Having a healthy relationship with food

Because we all like to think of the New Year as an opportunity to make a fresh start and renew commitments to healthy eating and exercise, I’m going to do a little series on healthy living. I’m by no means an expert (and you should definitely talk to a doctor before going on any sort of diet or exercise plan) but having lost and gained weight, battled with diet and exercise and being a mom over 40, I feel like I have a pretty good understanding of the struggles and frustrations in this area.

I’d like to think of myself as a pretty healthy person. I think growing up as a dancer I’ve always been aware of what I should or should not eat and how important physical exercise is for overall fitness and well being.

But my relationship with food hasn’t always been as healthy as it should be. I grew up with a strong Type A personality. (Funny how having 4 kids in 6 years blows that right out the window!)  I think I always wanted everything to be perfect. Straight A’s in school, involvement in as many extracurricular activities as possible, the list goes on. And fighting for the perfect body was always a struggle. In high school, I was always about 10 pounds heavier than I wanted to be and being a dancer made me very aware of that.

And then college was a bit of a yo-yo from being so thin my freshman year that my parents brought me home to make sure I was OK, to graduating at my heaviest to date. In pre-marital counseling, our pastor said the issues I have with body security would likely be a test in our marriage and my husband’s love and sensitivity to it would be super important to the health of both me and our marriage.

Right after we married, I joined Weight Watchers* to help me find a way back to a healthier, fitter version of myself. I wanted to lose 10-20 pounds and I found WW to be a great way to lose weight. It provided accountability and a healthy, realistic approach to, weight loss. I made lifetime status in a matter of months and felt great about myself.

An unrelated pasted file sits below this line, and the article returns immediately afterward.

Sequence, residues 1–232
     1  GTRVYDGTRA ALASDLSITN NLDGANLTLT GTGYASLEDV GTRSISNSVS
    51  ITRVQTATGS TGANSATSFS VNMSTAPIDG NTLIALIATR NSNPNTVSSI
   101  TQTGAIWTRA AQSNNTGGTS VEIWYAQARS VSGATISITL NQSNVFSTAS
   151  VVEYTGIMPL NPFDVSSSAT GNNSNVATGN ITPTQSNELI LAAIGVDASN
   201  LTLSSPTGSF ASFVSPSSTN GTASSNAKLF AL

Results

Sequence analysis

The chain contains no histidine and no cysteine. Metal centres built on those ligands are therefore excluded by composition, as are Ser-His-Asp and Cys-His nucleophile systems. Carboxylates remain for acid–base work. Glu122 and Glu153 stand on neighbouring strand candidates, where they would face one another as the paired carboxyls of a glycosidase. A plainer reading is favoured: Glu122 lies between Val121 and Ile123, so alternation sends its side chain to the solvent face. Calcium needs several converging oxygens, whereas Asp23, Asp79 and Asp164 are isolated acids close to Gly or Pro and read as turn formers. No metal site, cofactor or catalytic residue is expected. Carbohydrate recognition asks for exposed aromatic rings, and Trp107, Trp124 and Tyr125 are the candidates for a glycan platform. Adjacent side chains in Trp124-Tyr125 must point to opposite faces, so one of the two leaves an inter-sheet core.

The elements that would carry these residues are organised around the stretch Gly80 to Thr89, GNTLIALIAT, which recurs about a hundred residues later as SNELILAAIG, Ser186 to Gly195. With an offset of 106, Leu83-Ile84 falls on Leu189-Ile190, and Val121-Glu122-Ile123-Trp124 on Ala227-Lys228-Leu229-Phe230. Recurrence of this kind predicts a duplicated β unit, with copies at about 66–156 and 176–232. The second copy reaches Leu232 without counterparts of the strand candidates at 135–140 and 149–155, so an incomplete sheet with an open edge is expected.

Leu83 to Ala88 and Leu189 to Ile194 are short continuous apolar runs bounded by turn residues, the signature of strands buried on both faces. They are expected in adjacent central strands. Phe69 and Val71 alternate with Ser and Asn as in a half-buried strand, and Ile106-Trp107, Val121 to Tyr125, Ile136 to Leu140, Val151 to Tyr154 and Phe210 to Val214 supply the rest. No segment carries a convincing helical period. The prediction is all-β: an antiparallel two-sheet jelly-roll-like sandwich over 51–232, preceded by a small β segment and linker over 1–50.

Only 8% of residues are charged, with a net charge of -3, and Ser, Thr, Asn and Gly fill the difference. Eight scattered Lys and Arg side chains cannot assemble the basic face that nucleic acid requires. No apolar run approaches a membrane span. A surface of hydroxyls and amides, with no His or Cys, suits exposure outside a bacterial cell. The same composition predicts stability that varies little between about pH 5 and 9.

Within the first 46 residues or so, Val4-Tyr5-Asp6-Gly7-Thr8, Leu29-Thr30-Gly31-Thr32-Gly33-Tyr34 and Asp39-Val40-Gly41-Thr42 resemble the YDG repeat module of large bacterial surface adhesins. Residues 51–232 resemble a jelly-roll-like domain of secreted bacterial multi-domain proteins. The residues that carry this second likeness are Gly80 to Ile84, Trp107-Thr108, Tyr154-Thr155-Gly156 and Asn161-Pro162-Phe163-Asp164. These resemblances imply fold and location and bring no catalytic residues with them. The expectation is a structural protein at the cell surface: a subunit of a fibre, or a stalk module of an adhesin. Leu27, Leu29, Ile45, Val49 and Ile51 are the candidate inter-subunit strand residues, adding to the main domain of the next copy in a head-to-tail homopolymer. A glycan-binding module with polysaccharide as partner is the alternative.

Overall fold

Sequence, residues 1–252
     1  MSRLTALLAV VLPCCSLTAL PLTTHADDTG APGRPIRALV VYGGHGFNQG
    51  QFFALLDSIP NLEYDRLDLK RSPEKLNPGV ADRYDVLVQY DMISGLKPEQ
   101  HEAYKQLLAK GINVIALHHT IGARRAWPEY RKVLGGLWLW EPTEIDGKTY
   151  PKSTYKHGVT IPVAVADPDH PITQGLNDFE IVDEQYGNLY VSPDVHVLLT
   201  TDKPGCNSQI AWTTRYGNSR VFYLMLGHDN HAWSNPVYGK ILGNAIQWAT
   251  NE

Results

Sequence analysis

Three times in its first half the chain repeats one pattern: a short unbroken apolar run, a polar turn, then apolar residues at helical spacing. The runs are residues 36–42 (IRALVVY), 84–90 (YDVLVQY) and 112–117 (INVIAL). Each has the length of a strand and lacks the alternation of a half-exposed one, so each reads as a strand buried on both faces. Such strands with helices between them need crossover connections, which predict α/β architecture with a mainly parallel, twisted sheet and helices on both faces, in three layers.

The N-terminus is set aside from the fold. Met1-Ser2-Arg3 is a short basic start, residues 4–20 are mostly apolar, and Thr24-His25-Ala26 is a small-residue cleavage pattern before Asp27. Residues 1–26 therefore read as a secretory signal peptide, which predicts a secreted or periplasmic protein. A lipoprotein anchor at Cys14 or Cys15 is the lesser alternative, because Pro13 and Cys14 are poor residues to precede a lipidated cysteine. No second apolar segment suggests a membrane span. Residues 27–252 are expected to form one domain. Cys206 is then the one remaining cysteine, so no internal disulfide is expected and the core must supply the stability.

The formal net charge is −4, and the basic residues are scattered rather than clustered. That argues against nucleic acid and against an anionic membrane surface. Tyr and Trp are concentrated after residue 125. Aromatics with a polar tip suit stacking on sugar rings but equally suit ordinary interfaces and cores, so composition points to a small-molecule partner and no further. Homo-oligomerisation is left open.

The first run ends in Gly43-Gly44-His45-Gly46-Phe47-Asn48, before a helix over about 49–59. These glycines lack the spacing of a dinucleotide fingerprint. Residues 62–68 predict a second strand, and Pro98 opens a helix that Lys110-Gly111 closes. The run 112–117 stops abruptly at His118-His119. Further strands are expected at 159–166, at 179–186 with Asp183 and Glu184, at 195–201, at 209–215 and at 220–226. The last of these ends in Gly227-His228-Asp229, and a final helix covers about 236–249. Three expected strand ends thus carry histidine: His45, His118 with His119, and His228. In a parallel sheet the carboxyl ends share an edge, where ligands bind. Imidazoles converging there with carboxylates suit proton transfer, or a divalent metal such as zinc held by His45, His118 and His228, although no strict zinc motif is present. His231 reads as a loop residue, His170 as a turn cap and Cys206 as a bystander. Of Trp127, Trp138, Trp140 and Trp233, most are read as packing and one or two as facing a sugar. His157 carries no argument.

Over the next 15 +years, I have maintained a healthy, mostly happy weight as I have gained and lost weight with the pregnancies and births of my four children. I have probably fluctuated 5-10 or so pounds like most people during this time but overall have felt mostly good about my body. I have also continued to use my lifetime status as ongoing accountability to stay within a healthy weight range for me.

But I’m not perfect and every once in a while, I find those old feelings of body insecurity popping up. The holiday overindulgence or the extra winter layer I have gained most years since moving to Maine brings those feelings right back to the surface.  I think that when those periods of vulnerability come around, having a plan, a support system and tried and true methods to clean up your eating are key to helping you stay on track and feeling good about yourself. I have four daughters sprinting toward their tweens and teens so I want to be and sure and model a balanced and healthy relationship of diet and exercise for them.

S0 stay tuned because next in the series I’ll be talking about a few more things – exercise and intermittent fasting. Again, I’m not an expert but these are things that I practice in my daily life that I believe make a huge difference in overall health and weight maintenance.

*This is by no means an ad for Weight Watchers but I do think if you can find a program or group (whether official or just other mom friends looking to reach similar goals) it can make a huge difference to have support and accountability.

 

 

 

 

2 thoughts on “Having a healthy relationship with food

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